Archives for posts with tag: Vrindavan

On the banks of the Yamuna River at Vrindavan, old, dilapidated pieces of history stand today at the three Ghats, or a series of steps leading to the water level of a river, which are namely Arati Ghat, Akura Ghat, and the famous Kesi Ghat.  This Ghat is famous throughout India as it is believed to be the place around which Lord Krishna spent his childhood.

Small Boats wait for a Repair job on the North bank of Yamuna river at Vrindavan, Uttar Pradesh

Pedestrian Bridge under-construction over the Yamuna Bridge near Kesi Ghat

Pannas and Sadhus congregate at Kesi Ghat

A Medevial Building on Akura Ghat

An Archway at Akura Ghat

A Sadhu Rests underneath an Arch at Kesi Ghat

Another Sadhu Walks towards Kesi Ghat from Akura Ghat

Kesi Ghat with the Famous Kadam Tree on the Background

A Push Cart Stands besides a Small Resting House at Kesi Ghat

Rhesus Monkeys Enjoying Bananas Offered by Pilgrims at Akura Ghat

A Watch Tower that Looks Out at the Yamuna River at Kesi Ghat

Standing on the banks of the Yamuna river in the town of Vrindavan, Mathura district of Uttar Pradesh is the highly revered temple of Banke Bihari. This temple is an important pilgrimage for the followers of the hindu Deity Krishna and his consort Radharani. Given the massive following that Lord Krishna enjoys, the temple is flooded with thousands of eager pilgrims who come from all corners of India and Nepal during the monsoon month of Shhrawan when the Jhulan festival takes place. Devotees of Lord Krishna come in droves to the Banke Bihari temple during this special time for the special unveiling of the Lord Krishna and Radharani’s statues. The statues of Lord Krishna and Radharani are in the classical Tribhaga mode where their figures are bent in the knee, hip and neck which is also known as “Banke”. The “Banke” is a type of posture closely associated with Lord Krishna.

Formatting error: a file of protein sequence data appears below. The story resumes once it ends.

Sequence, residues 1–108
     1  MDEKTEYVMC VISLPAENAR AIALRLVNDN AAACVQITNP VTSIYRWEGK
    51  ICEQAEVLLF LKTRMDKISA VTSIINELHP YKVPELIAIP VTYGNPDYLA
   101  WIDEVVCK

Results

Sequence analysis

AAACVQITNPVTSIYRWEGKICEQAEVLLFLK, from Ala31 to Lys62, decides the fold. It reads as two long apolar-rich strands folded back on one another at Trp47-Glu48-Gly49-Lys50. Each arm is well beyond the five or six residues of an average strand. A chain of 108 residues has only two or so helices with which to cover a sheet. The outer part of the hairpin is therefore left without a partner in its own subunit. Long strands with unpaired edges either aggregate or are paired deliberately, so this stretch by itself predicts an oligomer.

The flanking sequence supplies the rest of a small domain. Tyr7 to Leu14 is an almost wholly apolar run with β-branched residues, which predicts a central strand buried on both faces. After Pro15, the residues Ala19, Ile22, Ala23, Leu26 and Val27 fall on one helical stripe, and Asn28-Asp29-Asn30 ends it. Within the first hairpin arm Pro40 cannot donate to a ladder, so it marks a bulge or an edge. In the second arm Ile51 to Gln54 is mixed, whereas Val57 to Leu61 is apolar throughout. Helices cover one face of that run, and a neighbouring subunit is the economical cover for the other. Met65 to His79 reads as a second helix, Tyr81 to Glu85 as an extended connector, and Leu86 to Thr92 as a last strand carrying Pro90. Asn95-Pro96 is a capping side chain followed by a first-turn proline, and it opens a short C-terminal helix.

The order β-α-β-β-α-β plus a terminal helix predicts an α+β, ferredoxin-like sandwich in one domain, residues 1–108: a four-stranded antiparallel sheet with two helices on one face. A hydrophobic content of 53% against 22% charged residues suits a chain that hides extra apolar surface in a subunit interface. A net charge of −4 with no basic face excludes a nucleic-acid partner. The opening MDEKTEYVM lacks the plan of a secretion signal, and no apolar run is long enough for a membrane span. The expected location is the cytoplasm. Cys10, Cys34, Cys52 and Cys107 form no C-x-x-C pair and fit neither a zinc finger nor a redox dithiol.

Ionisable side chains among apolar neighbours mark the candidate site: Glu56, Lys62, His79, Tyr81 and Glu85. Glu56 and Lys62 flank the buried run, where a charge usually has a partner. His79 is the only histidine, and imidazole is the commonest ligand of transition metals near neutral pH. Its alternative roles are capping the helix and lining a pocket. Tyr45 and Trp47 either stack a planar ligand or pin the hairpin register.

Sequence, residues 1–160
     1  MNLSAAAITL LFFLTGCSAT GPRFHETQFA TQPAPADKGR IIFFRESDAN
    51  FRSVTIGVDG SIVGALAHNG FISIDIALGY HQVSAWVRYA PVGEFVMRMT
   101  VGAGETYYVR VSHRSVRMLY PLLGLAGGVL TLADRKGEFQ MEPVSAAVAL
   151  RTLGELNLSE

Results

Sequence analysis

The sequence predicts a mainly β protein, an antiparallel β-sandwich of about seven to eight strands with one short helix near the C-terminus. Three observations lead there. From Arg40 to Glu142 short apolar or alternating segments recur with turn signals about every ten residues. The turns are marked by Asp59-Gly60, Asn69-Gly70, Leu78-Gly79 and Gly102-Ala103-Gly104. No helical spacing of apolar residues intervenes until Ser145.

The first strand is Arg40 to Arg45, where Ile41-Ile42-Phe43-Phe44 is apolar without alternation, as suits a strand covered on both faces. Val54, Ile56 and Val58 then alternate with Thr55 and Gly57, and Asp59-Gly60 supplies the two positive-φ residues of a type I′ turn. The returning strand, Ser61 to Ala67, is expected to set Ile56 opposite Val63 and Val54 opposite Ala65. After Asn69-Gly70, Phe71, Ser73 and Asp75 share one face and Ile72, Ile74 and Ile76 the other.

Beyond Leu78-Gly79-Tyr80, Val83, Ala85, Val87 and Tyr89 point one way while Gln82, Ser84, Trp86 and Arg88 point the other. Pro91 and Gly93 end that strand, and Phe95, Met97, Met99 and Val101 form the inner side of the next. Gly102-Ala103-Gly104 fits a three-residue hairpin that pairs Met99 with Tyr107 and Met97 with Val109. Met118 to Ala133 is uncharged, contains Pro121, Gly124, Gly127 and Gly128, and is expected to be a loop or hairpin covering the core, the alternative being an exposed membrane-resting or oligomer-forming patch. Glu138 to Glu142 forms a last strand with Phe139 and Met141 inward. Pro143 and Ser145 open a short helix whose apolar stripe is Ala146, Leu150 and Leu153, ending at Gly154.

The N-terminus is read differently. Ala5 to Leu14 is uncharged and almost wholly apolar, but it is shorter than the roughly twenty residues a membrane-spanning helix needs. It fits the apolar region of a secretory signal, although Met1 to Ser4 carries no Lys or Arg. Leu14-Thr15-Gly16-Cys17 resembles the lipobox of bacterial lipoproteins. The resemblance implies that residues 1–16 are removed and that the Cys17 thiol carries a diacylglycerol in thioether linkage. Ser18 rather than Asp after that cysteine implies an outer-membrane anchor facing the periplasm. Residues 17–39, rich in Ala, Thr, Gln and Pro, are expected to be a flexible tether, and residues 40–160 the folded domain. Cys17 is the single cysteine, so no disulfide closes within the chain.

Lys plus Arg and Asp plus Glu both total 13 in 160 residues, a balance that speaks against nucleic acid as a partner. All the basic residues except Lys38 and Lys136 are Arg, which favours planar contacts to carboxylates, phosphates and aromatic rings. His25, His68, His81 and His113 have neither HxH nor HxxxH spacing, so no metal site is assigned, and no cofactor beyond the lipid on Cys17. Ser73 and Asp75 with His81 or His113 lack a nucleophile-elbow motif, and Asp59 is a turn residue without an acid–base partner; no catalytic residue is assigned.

The temple management committee vehemently opposes taking photos of the legendary Banke Bihari statues when they are unveiled for public viewing. Generally, these viewings are rather brief in nature and offer a glimpse of the statues that does not last longer than a few seconds at a time. None-the-less, the pilgrims and devotees visiting the Banke Bihari temple have an unrivaled fervor towards Lord Krishna and Radharani, which creates a highly energetic and colorful atmosphere inside the temple.

One will not fail to notice the kaleidoscopic array of colors swirling around the temple. Garlands and flowers hang on every wall for this special occasion, as the pilgrims rejoice the life and times of Lord Krishna and Radharani with bhajans and kirtans.

Banke Bihari Temple has been Decorated for the Jhulan Festival during the Month of Shhrawan

Inside the Banke Bihari Temple during the Month of Shhrawan

Inside the Banke Bihari Temple during the Month of Shhrawan

A Covered Fan inside the Banke Bihari Temple

A Covered Fan inside the Banke Bihari Temple

Nandi - Inside the Banke Bihari Temple

Nandi - Inside the Banke Bihari Temple

Banke Bihari Temple in full Bloom in the Month of Shhrawan

Banke Bihari Temple in full Bloom in the Month of Shhrawan